So, I gave a brief overview last week and now it’s time for my in depth analysis of Blizzard’s latest World of Warcraft expansion. I have to start by saying that I came into this expansion at quite a low point in terms of my opinion of this franchise. My interest in this game has been steadily declining since the end of the Wrath of the Lich King expansion. As I mentioned in my previous article, the last expansion, Warlords of Draenor, hit a particular low for me, to the point that while I had pre-ordered the last expansion before its release date had even been announced, I was still pondering whether or not to invest in this one as late as lunchtime on the day of release. I’m glad I chose to take the plunge and invest in this expansion, however, as, despite my low expectations, it’s succeeded in restoring some of my interest and affection for this game.

For the first time since Wrath of the Lich King, I’ve actually found myself enjoying the levelling process, rather than seeing it as another boring grind just to unlock endgame content, which it’s been feeling like over the last few expansions. It’s hard to pinpoint one single reason for this. The fact you can choose which order to play the first four zones in, or even just alternate between questing in all four is certainly refreshing. There’s also more storyline and cut scenes, with each zone having its own story linked to long standing World of Warcraft lore, from the Emerald Dream to Ancient Elven civilisation. This expansion seems to reconnect with the aspects that made it so appealing to me back its early days, and many other veteran players seem to feel same judging from other reviews and forum posts.

Like most of the previous expansions, the quest chain starts off in Stormwind (Alliance) or Orgrimmar (Horde) where you’ll be asked to embark on an excursion to the broken shore to battle the forces of the legion. This is essentially just a long cut scene introducing you to the storyline that will run through the expansion and differs a little depending on your faction. However, the final result is the same for both factions. What’s a nice touch, is that after you’ve completed this section with one character, it’s possible to skip it with subsequent ones. So if you feel that experiencing it once is enough then you won’t be forced to replay it for every alt you level.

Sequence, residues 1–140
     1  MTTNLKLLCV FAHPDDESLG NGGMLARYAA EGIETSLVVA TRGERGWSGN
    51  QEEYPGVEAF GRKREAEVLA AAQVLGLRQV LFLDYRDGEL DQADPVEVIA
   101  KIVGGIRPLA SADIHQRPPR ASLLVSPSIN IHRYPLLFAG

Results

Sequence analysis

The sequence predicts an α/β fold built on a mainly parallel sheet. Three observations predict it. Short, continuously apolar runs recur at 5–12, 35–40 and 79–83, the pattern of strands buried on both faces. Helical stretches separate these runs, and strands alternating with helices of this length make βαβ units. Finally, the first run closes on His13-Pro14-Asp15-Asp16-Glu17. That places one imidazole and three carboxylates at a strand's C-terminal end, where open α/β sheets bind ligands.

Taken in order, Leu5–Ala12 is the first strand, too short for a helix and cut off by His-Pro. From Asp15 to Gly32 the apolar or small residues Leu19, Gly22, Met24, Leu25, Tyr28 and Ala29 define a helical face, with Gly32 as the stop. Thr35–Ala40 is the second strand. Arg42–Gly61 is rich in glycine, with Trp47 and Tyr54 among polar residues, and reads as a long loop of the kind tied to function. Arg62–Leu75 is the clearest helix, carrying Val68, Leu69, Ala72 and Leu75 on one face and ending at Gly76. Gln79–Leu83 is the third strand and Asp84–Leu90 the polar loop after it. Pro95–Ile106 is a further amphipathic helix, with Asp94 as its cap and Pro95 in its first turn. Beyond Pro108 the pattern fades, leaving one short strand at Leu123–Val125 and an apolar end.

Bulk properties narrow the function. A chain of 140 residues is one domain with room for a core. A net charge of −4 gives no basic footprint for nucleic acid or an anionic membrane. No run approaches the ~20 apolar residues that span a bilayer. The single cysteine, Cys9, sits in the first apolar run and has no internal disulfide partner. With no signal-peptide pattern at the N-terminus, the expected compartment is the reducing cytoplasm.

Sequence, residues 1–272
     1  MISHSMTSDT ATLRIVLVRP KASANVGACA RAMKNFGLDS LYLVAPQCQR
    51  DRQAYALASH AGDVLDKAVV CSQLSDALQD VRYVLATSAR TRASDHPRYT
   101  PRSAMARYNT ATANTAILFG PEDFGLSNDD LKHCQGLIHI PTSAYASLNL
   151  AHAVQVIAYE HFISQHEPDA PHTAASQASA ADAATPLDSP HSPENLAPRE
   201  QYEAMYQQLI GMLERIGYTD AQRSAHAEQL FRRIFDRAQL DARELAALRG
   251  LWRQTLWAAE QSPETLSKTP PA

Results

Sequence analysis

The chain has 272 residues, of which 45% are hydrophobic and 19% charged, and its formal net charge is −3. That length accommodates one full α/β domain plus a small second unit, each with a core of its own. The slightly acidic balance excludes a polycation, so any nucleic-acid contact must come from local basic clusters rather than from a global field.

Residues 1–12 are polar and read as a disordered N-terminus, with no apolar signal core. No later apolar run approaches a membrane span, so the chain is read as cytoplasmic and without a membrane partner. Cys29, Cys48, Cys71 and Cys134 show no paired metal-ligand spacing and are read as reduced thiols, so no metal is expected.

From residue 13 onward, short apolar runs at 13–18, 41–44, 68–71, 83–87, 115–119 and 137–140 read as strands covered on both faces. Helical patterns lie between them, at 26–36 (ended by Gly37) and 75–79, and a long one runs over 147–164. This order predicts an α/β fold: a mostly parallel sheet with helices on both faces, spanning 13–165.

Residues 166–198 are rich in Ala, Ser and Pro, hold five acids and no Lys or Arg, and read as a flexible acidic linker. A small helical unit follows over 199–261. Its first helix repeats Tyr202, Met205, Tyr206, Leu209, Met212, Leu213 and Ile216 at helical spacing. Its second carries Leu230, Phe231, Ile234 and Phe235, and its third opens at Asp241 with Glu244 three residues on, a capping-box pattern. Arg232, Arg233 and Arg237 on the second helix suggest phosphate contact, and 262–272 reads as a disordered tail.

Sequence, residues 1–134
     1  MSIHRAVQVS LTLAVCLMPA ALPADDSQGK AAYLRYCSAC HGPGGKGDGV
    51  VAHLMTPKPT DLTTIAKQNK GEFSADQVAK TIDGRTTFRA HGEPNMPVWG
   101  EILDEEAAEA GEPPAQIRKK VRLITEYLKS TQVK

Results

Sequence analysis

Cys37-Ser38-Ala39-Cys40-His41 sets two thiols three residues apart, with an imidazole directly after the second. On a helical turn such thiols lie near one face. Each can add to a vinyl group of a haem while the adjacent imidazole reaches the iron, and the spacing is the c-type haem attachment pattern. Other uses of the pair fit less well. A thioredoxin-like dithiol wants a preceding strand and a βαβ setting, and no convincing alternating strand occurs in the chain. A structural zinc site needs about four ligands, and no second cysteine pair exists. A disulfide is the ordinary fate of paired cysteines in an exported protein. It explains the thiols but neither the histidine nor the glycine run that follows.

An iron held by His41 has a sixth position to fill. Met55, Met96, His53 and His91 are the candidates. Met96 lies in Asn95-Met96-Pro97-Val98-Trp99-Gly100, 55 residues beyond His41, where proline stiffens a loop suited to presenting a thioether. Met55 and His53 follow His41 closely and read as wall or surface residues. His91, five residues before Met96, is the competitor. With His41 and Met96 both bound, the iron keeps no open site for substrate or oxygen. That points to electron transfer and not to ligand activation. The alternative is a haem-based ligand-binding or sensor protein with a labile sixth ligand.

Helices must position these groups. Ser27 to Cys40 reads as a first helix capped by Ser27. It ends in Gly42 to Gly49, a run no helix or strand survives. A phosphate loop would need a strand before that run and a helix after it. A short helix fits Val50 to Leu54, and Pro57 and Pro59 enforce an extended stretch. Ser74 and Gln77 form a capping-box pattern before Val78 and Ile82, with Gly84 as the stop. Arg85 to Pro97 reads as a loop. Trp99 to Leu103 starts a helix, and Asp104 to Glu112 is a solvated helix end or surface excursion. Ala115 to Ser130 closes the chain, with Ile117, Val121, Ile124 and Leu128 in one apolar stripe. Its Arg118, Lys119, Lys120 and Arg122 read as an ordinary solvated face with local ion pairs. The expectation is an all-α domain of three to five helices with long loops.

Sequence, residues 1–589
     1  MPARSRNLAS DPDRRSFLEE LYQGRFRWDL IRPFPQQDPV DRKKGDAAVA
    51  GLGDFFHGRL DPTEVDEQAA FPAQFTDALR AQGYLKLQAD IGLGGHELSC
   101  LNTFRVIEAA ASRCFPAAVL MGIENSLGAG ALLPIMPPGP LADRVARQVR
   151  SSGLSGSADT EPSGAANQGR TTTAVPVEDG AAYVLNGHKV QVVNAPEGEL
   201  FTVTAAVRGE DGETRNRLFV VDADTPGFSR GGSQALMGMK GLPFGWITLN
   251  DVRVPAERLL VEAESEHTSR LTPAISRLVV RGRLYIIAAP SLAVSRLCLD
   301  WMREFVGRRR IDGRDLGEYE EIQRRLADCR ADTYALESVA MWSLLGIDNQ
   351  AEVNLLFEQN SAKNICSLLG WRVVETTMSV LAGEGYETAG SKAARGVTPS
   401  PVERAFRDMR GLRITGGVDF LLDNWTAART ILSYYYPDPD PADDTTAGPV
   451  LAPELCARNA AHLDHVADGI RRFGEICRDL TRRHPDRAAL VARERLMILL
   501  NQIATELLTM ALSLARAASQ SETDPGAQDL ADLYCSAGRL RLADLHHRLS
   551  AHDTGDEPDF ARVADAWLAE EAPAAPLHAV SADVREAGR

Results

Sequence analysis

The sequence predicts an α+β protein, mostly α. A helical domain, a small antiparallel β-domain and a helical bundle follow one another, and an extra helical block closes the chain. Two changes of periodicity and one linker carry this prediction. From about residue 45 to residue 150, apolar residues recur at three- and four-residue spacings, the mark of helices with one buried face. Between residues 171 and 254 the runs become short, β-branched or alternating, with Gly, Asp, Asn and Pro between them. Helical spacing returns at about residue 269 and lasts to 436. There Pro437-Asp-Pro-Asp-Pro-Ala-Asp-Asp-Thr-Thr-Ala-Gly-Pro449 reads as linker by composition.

Early on in the expansion, you’ll arrive on the relocated Dalaran, now in the skies above the Broken Isles, which acts as the main city for the expansion with portals to just about anywhere you might want to go. I have to confess that Dalaran has long been my favourite city and I found it exciting to be back. The city has had a bit of a makeover with improved models and textures but the layout is much the same and its character remains intact. In fact, if you don’t walk through both cities one after the other then you might not notice the changes, at all. The new one is higher resolution but still looks like Dalaran.

The classes have undergone another major overhaul in terms of talents and abilities. The specialisations for each class have been honed to really focus on the individual mechanics and characteristics giving each one a unique style of play. For example, a beast master hunter now actually relies on their pets to deal most of the damage for them. As such, a lot of their abilities and talents involve powering up the beasts they command or summoning more until their enemy is crushed mercilessly in a throng of savage beasts. Fury warrior on the other hand builds in strength throughout the fight. The first third of an enemies health bar will seem to be chipped away at but then usually finished off in seconds in flurry of furious strikes as all the powerful abilities all seem to activate at once, which for a fury warrior does feel quite apt.